We needed to find our entry in the best of breed race. Many of our users come to Assembla for Subversion, and often they come only for Subversion, so in the eyes of the marketplace, that was our best of breed slot. However, Subversion is a commodity that is available from almost any hosting compay, which sets a very low pricepoint, even for our enhanced version. We have been working to bring our Tickets tool up to best of breed status. It's good, useful, popular, improving quickly, and near parity with the best of breed. We will achieve best of breed with Tickets. However, it's in a crowded category. It would be even better to have a high-value, original, unique offering.
After thinking about this for a few weeks, and trying to work with disjointed best of breed bundles selected by clients, we realized that Assembla had a huge new opportunity. The people who are running their teams with best of breed bundles have created new problems for themselves that need to be filled with new best of breed tools - Team, and Stream. When we originally wrapped the Assembla application around Trac and Subversion, we solved those problems.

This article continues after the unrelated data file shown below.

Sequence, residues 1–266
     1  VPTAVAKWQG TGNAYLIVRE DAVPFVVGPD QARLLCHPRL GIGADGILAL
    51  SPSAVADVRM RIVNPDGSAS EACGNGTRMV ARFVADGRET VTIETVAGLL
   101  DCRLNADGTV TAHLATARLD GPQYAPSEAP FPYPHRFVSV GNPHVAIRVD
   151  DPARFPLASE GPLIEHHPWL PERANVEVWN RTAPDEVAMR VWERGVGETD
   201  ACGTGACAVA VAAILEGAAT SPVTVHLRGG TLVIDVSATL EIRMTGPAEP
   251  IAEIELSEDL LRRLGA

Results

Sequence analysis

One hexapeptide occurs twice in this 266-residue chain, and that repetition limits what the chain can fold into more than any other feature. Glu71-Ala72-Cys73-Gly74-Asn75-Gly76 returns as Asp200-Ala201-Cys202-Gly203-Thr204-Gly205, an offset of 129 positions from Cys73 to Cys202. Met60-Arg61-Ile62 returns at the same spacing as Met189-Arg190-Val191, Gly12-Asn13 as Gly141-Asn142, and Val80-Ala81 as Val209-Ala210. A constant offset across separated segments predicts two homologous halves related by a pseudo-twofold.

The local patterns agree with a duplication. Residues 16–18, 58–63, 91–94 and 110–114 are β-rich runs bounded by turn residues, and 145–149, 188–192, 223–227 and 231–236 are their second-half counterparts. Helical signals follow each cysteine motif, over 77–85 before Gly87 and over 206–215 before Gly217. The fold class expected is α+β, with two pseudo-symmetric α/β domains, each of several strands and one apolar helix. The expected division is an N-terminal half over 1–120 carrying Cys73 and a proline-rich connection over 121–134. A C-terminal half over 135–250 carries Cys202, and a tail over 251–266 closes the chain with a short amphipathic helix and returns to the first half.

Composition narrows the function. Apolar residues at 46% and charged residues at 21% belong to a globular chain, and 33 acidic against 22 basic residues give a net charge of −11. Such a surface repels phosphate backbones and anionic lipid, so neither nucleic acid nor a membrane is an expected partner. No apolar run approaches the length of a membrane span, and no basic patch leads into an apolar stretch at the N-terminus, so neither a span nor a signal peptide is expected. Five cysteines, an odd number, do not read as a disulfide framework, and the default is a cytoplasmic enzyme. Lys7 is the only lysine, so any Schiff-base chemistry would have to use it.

Team: The first problem is simple - keeping the team list. If we can add team members in one place, and then replicate the team, we prevent problems for new team members, and if we can remove them in one place, we prevent security problems. So, if we can replicate the team members or permissions from the Assembla team tab, we make life a lot more convenient.